State reverses policy that made it harder to get ID reflecting gender change
In January, over objections of the transgender community, the state Department of Licensing made it tougher to change gender information on driver's licenses, citing goals of fighting terrorism and reducing identity theft. Last week it abruptly changed course, not just reverting to the original policy — but making it easier than before.
Seattle Times staff reporter
It's hard to say for sure how many of the 80 or so transgender Washingtonians who change their driver's-license information each year might be terrorists.
But just in case, the state was ready.
In January — after three years of discussion — the Department of Licensing made it tougher to change gender information on driver's licenses, citing goals of fighting terrorism and reducing identity theft.
Last week it abruptly changed course, not just reverting to the original policy — but even making it easier than before.
"It just didn't seem to make sense," explained Doron Maniece, acting assistant director at the department.
Driver's licenses are considered by the government to be "foundational" documents, "core to identifying who you are," said Jonathan Seib, policy adviser for the Governor's Office.
For transgender people, having a driver's license with the wrong gender makes simple things, like boarding an airplane or cashing a check, that much harder.
"You don't realize how much you depend on having an accurate driver license until you're involved in a discussion like this," Seib said.
Washington used to require people changing the gender marker on their license only to submit a letter from a doctor saying the person "initiated appropriate clinical treatment." That could mean anything from living full time as another gender to undergoing sex-change surgery. Washington was among a small number of states that did not require the surgery.
Out with the old
But in January came an additional restriction: Applicants also must present a birth certificate showing their new gender.
"If you're not in the state you're born in, it makes it really hard," said Christina Ness, who applied for a changed license just after the January policy took effect.
Ness had to apply for a changed birth certificate from California, where she was born, so she submitted a doctor's note and paid a few hundred dollars for a court order, both documenting that she had undergone reassignment surgery.
The California office never contacted her.
"It's a nightmare," she said. "They'll take your money and sit on it."
Washington's Department of Licensing said it never saw California respond to any request for a birth-certificate change, despite the state having a written policy allowing it, according to a spokeswoman.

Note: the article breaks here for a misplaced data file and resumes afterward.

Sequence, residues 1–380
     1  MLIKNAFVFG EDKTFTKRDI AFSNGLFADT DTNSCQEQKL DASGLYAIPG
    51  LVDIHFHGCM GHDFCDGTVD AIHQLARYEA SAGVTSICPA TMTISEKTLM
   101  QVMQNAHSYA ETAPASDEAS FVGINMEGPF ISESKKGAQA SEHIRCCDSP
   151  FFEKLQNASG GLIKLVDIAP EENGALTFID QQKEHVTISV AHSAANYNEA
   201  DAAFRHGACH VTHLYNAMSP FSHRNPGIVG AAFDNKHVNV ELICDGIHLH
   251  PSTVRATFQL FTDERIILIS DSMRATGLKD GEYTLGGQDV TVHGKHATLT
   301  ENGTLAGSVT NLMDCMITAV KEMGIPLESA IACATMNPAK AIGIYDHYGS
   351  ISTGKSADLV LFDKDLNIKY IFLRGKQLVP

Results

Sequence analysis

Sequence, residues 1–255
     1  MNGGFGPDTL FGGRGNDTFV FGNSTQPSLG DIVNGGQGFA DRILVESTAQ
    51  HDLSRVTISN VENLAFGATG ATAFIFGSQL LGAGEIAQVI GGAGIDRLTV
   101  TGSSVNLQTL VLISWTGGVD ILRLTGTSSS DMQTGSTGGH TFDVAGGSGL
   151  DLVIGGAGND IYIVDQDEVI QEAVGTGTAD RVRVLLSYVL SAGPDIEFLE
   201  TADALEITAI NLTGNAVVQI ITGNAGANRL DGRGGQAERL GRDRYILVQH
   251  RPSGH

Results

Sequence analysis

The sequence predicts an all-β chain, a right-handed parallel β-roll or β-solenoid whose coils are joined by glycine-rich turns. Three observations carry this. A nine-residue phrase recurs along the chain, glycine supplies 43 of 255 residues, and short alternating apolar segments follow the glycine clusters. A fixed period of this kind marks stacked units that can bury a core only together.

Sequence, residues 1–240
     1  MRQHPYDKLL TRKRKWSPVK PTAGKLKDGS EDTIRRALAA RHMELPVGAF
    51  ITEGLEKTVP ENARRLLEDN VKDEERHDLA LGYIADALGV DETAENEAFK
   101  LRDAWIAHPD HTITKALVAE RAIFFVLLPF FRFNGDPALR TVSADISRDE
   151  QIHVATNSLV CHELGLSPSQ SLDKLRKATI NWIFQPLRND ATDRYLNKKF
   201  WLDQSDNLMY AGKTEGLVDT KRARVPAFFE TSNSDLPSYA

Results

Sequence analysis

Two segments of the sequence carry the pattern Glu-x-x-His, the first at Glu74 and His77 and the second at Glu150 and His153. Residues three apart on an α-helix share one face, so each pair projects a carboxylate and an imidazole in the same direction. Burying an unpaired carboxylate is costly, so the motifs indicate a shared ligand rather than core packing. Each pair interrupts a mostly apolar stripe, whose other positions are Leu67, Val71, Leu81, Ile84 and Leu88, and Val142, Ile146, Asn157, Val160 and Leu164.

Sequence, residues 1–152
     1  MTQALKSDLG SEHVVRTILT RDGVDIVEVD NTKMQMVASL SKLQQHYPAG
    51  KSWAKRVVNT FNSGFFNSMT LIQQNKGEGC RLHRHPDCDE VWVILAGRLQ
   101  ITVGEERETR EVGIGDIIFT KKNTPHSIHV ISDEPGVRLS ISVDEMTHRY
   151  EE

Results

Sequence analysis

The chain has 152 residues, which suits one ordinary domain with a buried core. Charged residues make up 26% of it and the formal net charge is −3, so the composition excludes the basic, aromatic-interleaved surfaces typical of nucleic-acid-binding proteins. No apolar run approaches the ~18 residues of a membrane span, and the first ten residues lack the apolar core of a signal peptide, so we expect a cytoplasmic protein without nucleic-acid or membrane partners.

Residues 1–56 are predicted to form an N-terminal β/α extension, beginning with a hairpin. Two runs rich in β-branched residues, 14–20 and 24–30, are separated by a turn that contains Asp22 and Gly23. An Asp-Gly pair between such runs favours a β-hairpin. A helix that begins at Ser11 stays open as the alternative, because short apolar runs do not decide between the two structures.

Some states, like Idaho and Tennessee, have policies that prohibit changes on birth certificates.
Washington's policy allowed exemptions for people from such states. So, in practice, the January requirement wasn't that you change your birth certificate — it was that you tried, said Seib.
Transgender advocates asked, with so many exceptions, why have the requirement in the first place?
"It didn't matter what we did. No matter what arguments we made, they were going to go forward with the birth-certificate policy," said Spencer Bergstedt, a lawyer and transgender advocate who was involved in the policy discussions. "We were beating our heads against a wall."
It wasn't until last week that the state — despite the transgender community arguing that point for the three years before the policy was enacted — finally listened.
"Common sense ultimately prevailed," said Mark Rupp, director of the governor's Washington, D.C., office. "The community had it right."
In with the new
So on Wednesday, Washington again changed its policy, not only returning to the "doctor's note" standard, but making it even slightly easier.
"I'm tickled pink," said Ness, who received her new license under the January policy after waiting several months for an exemption. "If people in the future don't have to go through that, that's fantastic."
The new policy has one small difference from the pre-2009 policy: It allows applicants to submit a letter from a psychologist in lieu of a licensed physician.
The current policy still requires an altered birth certificate for applicants who want to change their gender on an enhanced driver's license, which serves as a passport for citizens crossing the Canadian border. The birth-certificate requirement, which stemmed from post-9/11 discussions, is touted by the Licensing Department as a strategy to prevent forgery and bolster counter-terrorism efforts.
"I was hoping Washington would come around and change things," said Elayne Wylie, who works at the Ingersoll Gender Center in Seattle. "Being in Washington state just got a lot easier."
Officials from the Licensing Department and the Governor's Office said the catalyst for the change was a meeting initiated by members of the transgender community just days after the January policy was implemented. National and international experts on transgender issues joined the meeting, answering state officials' questions and highlighting the conflicting nature of the policy's exemption methods.
"It was the opportunity for all the questions to be asked and for the real meaning of the policy to be debated," said Marsha Botzer, a leading transgender advocate who chaired the meeting.
In the end, it all came down to the exemption policy, and, "It wasn't very fair to do it for some and not for all," said Selena Davis, Licensing Department spokeswoman.
Lindsay Toler: 206-464-2463 or firstname.lastname@example.org
Copyright © The Seattle Times Company
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